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San Diego Neighborhood Profile: City Heights


Introducing City Heights:

City Heights is a large, dense, and ethnically diverse neighborhood of San Diego. It spans the corridor of University Avenue and El Cajon Boulevard, roughly from I-805 eastward to 54th Street. Long a victim of neglect and urban blight and crime, the Heights is starting to see a bit of a renaissance, with new businesses and programs moving back into the neighborhood.

City Heights' History:

The area now known as City Heights goes all the way back to the 1880s, when land speculators purchased land east of the city proper as railroad expansion brought anticipation for population expansion. It used to be referred to as East San Diego, and in fact, East San Diego was its own city until it was annexed by San Diego in 1923. City Heights is one of the more densely populated areas with residents of a lower income. For years it was plagued by high crime, but recent years has seen a resurgence, with lower crime and new businesses.

What Makes It So Special?:

Probably more than any other area of San Diego County, City Heights is a true melting pot of different ethnic groups. From Hispanic to African American to Ethiopian to Vietnamese to Cambodian, City Heights is a community of immigrants trying to carve out a life in this city. Housing in this neighborhood is more affordable relative to the rest of the city, although it is dense with a mixture of small cottages and aging apartments.

What Defines City Heights?:

By far, cultural diversity defines City Heights. If you wander through the densely packed neighborhood, you will see a plethora of small businesses: Hispanic, East African, African American, Indian, Middle Eastern, and Southeast Asian. And within the area defined as City Heights, you will find a lot of smaller pocket neighborhoods, like Colina Park, Fairmount Village, Fox Canyon, Chollas Creek, Azalea Park, Hollywood Park, Ridgeview, and Bayridge.

Things To Do?:

If you don't live in City Heights, then you might not think there's a reason to visit. But if you're looking for authentic ethnic restaurants or markets, City Heights is worthy of a visit. Most of the business are concentrated along the corridors of University Ave., Fairmount Blvd., and El Cajon Blvd. The award-winning City Heights Urban Village is a joint public and private City of San Diego redevelopment project which boasts the Mid-City Police Substation and Community Gymnasium, the Weingart City Heights Branch Library, and the Mid-City Adult Continuing Education Center.

Best Bets for Eats:

Looking for a good bowl of hot pho? Then head to City Heights. It goes without saying, with a large Vietnamese population, the filling beef broth soup is easily found at a number of pho restaurants. One of the best is Pho Hoa, at 4717 El Cajon Blvd. If you want to try East African food, then try Asmara at 4155 University Ave. If you want Mexican, there are too many to mention, from taco shacks to mom and pop hole in the walls. Chinese and Southeast Asian restaurants abound as well. Just cruise through the neighborhood and you'll find something.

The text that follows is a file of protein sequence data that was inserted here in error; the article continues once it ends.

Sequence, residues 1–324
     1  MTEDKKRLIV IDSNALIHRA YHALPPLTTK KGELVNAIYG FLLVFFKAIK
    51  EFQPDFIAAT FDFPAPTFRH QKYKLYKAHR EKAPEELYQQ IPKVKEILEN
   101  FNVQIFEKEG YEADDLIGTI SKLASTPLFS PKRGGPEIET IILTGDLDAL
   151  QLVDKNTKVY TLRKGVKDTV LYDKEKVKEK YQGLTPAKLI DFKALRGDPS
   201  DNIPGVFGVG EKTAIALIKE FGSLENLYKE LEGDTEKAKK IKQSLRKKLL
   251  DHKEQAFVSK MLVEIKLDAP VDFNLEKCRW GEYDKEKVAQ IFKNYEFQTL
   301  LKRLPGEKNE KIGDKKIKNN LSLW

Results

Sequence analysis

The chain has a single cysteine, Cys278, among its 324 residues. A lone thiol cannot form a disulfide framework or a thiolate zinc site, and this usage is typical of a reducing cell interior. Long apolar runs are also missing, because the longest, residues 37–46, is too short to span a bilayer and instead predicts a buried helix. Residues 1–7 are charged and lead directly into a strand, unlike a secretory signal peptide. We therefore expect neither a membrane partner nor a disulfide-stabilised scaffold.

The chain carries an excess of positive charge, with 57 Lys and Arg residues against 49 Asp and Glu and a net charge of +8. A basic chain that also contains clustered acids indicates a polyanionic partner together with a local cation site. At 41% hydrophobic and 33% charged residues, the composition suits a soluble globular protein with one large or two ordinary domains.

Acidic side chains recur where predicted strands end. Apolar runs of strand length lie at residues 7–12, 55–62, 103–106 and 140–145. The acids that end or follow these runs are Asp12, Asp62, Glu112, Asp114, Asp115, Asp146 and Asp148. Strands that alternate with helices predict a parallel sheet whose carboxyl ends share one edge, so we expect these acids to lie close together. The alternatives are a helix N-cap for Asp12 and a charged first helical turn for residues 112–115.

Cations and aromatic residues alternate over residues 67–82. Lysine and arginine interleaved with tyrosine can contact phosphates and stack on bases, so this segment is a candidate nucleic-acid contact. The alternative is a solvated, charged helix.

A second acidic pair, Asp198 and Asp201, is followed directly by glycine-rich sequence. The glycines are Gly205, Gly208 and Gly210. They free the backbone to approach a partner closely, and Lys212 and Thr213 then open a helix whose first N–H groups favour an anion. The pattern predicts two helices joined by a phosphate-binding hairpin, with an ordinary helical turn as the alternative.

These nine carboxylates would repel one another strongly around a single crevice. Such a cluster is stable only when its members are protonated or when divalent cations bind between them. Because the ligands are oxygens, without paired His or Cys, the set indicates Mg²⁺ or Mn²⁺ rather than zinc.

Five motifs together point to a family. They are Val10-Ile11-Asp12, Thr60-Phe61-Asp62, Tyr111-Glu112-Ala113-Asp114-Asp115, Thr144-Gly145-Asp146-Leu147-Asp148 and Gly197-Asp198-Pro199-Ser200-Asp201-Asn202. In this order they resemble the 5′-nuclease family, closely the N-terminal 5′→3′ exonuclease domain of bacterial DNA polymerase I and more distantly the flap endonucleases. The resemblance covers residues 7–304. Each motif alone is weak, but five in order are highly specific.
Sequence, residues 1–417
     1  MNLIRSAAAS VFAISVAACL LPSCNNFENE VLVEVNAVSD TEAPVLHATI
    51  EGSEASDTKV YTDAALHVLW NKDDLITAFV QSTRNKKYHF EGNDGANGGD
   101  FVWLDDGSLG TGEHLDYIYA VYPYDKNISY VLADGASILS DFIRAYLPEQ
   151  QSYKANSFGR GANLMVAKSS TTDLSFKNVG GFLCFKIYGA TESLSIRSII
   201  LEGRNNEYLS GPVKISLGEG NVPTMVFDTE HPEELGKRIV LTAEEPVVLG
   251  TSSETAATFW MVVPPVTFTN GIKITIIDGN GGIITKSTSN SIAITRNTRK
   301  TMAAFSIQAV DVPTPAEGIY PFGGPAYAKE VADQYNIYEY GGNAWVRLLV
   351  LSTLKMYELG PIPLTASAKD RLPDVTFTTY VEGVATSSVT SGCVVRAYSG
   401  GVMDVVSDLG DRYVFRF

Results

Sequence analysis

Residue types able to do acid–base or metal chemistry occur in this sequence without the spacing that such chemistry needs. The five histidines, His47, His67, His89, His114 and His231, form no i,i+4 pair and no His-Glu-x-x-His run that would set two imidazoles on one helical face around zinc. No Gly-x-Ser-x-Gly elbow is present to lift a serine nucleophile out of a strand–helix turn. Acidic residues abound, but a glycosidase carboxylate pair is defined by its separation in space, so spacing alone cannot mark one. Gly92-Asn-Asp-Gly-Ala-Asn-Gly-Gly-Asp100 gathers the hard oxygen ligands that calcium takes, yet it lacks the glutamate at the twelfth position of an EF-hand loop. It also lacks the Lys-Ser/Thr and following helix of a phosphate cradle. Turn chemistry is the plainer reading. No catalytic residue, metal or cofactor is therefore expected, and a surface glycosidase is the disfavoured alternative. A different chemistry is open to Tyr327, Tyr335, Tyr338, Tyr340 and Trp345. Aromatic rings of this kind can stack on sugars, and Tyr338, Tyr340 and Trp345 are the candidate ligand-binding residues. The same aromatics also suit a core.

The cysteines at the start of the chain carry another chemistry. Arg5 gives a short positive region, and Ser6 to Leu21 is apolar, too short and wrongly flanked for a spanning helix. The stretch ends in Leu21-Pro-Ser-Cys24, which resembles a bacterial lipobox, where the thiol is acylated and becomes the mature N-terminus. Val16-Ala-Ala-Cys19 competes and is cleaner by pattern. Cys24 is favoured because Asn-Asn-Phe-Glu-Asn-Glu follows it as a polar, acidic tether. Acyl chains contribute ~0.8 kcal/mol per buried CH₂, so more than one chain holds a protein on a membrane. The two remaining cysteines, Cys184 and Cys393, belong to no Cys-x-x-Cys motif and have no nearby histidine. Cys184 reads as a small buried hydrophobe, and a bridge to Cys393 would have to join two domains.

Best Bets for Drinks and Entertainment:

Bars in City Heights are strictly of the dive type. See, the place hasn't become gentrified yet, so the range is from seedy to hipster. But the drinks are usually cheap in these places. The Tower Bar at 4757 University Ave. is a landmark of sorts (though the actual tower no longer exists), with cheap drinks and dive vibe galore. The Beauty Bar at 4746 El Cajon Blvd. is a surprise because it is strictly for the hipster scene, with music and dancing. For live rock and roll, the Radio Room at 3519 El Cajon Blvd. is where you want to go to see original bands playing live.


OK, City Heights isn't where you can find hip and funky boutiques, or shops that you would travel long distances to visit. Along with your run of the mill CVS or Walgreens, you will find block after block of immigrant mom and pop shops: bodegas, take out food, thrift shops, dollar stores, and ethnic specialty stores. Not to mention the ubiquitous independent mobile phone dealers.

How to Get to City Heights:

North or south bound State Route 15 takes you through the heart of City Heights. From SR-15, exit to either El Cajon Blvd. or University Ave. (look for the cool retro transit centers on the overpasses for both streets). Traveling east or west on either streets will give you a taste of City Heights. Take Fairmount Ave. or Euclid Ave. for your primary north-south passage.

Public transportation is served by bus Routes: 1,2,6,7,908,15,19,115

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